This year, Cultofwhatever is looking back on some of the great films of 1987, a year that saw the release of many genre classics, as well as memorable films both highbrow and low. There were so many to choose from, in fact, I nearly made this a twice-monthly series and probably still would have had a few to spare. In all, I found twenty-four movies that I loved from 1987, at least twelve of which are considered “still awesome” after all this time.
Last month we kicked off the series by looking back at Robocop, one of the weirdest, wildest, most audacious action films of the 1980s. This month’s movie swings the pendulum all the way to the other side, though it’s no less wonderful.
Is The Princess Bride “the perfect movie”?
It’s probably not the movie people would instantly think of when discussing “perfect” films; most would point to something like Casablanca, Godfather, or Lawrence of Arabia, something epic in scope, grand in styling, or romantic in a classical sort of way. But what makes perfection? Isn’t it simply the absence of flaws? Find me the flaws in The Princess Bride?
Find me even one.
Even more impressive is the fact that The Princess Bride so easily could have stumbled. There are multiple ideas, directorial choices, casting decisions, and more that could have been judged harshly by viewers. To be perfect, the movie needed to pull off the cinematic equivalent of an inside straight, and it did it. Not only were its many “could have gone bad” parts not judged harshly, but they also were not even received lukewarmly. On the contrary, the movie’s whimsical tone was picked up immediately, fans responded without a hint of cynicism toward it, and seemingly everyone who has seen it—whether fans of the genre or not—has walked away with a smile on their face.
It’s a perfect movie.
You want action? You got it. You want swordplay? You got it. You want romance? You got it. You want fantasy? You got it. You want Columbo reading a bedtime story to Kevin Arnold? You didn’t know you wanted that, but you did, and you got it.
And what about those almost-failures? What about all the ways the movie could have stumbled?
Let’s start with the movie being framed as a story told by a grandpa to his grandson. That’s a narrative device that works effortlessly in a novel but ninety times out of a hundred is unnecessary in a movie and ninety-nine times out of a hundred is handled clunkily. Either the story starts and ends with the narration, with nothing in the middle, causing audiences to forget it was even there until the end, when suddenly it feels jarring and out of place, or the story returns back to the narrator too many times, forcing the audience out of the rhythm of the story. There’s also the fact that, when you’re made aware that someone is telling you the story, it tends to carry with it a sense of “fakeness.” A movie can be balls to the wall insane but as long as it lives up to its own internal logic, an audience is willing to accept whatever happens. The moment you introduce a narrator from “our world,” it puts a spotlight on every crazy thing that happens in the story, inviting you to remember not to get too invested in anything because, after all, “this is just a story someone is making up.” And yes, I know that every fantasy movie is just a story that someone made up, but audiences are conditioned to ignore that unless the movie goes out of its way to remind them.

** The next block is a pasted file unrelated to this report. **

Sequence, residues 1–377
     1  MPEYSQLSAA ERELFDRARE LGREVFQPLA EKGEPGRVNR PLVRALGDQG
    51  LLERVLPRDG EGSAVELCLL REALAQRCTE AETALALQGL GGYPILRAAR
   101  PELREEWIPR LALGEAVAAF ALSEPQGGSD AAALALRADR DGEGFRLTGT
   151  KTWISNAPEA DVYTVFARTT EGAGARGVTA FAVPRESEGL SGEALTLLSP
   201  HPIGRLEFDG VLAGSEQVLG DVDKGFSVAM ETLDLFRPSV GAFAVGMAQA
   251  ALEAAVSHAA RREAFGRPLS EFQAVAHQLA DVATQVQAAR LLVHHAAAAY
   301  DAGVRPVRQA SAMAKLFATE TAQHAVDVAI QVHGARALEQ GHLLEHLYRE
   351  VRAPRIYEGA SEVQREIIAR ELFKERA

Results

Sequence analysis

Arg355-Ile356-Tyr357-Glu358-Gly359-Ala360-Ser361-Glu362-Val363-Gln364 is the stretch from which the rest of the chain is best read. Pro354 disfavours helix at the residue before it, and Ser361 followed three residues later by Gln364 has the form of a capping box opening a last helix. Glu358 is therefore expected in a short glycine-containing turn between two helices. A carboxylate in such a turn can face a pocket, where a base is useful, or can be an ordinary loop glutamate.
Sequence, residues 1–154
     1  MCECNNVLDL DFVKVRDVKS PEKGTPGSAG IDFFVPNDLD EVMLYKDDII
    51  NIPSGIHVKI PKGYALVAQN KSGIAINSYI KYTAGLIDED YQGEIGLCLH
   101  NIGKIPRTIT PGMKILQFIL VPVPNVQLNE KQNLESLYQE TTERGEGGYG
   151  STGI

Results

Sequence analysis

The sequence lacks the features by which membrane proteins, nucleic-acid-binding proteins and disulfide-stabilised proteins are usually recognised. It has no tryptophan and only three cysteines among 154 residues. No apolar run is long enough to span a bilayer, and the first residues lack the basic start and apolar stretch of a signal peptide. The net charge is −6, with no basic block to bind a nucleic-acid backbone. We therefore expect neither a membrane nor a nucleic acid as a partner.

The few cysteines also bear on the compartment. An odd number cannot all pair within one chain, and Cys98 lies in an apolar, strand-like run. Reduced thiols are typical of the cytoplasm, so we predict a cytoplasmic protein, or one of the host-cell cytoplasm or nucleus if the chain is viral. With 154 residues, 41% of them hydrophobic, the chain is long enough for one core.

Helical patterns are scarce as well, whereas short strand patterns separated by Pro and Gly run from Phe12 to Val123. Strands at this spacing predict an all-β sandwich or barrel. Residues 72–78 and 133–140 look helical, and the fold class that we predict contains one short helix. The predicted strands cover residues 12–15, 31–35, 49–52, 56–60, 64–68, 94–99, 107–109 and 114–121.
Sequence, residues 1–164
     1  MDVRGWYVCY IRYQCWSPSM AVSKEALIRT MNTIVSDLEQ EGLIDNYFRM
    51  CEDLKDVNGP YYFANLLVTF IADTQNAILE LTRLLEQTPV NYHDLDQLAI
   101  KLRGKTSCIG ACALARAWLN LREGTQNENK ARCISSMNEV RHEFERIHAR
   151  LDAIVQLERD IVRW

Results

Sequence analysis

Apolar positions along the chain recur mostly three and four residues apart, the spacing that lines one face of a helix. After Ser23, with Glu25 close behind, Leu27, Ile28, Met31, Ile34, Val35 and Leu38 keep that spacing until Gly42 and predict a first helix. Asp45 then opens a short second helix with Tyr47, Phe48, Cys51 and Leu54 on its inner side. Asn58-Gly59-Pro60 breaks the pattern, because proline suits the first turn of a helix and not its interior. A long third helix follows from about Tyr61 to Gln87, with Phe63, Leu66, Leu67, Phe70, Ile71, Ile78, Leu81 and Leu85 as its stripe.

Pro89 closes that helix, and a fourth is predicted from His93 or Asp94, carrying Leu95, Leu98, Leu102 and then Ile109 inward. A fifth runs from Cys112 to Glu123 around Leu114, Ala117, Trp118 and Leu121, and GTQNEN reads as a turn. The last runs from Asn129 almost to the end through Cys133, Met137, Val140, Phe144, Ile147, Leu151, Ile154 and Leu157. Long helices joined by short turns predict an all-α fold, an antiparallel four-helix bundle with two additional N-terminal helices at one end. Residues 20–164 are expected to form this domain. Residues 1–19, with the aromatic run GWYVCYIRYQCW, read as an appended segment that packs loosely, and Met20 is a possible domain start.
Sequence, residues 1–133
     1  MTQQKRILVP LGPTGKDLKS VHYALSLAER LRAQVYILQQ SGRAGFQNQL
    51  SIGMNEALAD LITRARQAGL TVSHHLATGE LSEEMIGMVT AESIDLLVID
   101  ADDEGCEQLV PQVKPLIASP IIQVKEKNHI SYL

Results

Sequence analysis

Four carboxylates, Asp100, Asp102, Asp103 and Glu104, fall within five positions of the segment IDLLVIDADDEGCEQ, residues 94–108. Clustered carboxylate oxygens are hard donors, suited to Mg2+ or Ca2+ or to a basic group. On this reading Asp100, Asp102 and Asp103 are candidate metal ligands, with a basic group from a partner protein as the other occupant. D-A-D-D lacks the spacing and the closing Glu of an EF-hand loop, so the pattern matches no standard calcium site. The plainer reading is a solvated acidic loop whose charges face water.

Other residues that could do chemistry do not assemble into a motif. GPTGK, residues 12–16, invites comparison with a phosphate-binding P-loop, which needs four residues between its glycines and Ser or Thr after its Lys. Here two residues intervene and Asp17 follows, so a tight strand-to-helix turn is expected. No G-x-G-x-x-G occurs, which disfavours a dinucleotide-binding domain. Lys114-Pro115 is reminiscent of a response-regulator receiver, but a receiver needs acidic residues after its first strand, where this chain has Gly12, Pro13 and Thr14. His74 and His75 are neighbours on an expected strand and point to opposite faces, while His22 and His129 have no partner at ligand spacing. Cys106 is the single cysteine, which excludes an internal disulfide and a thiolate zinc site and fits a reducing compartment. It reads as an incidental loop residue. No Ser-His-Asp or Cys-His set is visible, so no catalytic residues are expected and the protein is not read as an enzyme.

The Princess Bride should suffer from this problem. It has a narrator, whose “storytime with grandson” scenes bookend the movie, and even pop-up midway through, and the grandpa offers helpful exposition and narration throughout the picture. It should be a problem, but it isn’t. The tone of the film is such that the movie would feel incomplete without the “storytelling” framing device. The story is a story so of course someone should tell it.
And then there’s the cast. Again, ninety-nine times out of a hundred, an audience would complain that they couldn’t understand Andre the Giant through his thick French accent, that Billy Crystal was so over the top that, instead of stealing the show, he took everyone out of the movie, or that the priest with the speech impediment was too random and distracting to be an effective gag. All those things could have been problems and, in the hands of a lesser director, they might’ve been. Here, however, everything landed perfectly. Yes, Andre can be hard to understand sometimes, but he’s too charming and sweet for anyone to mind. Yes, Crystal is doing his “schtick” a bit too much but, again, the tone and the world around him sort of swallow him up and make it all work. And the priest simply can’t be hated.
These are things that seem like problems on paper but, when you see them on the screen, you’re smiling too much to mind any of them.
Fantasy movies simply aren’t made like this anymore. This is not a knock on the Peter Jackson’s Lord of the Rings movies (which are phenomenal, it goes without saying) but their success sort of locked-in a style that was necessary for those movies and was done excellently there. As a result, however, that style has come to define “fantasy” films. You can see its influence in Game of Thrones, The Witcher, every time the next terrible Robin Hood movie is made, and so on. Fantasy movies are usually grim, gritty, raw, and “real,” as if they have to be presented in a way that feels “authentic.”
There’s nothing about the world of The Princess Bride that feels authentic; the movie is pure “fantasy.” It is escapism personified. It is joyous, bright, whimsical, enchanting, fun, cartoonish, random, and perfect.
And it’s still awesome thirty-five years later.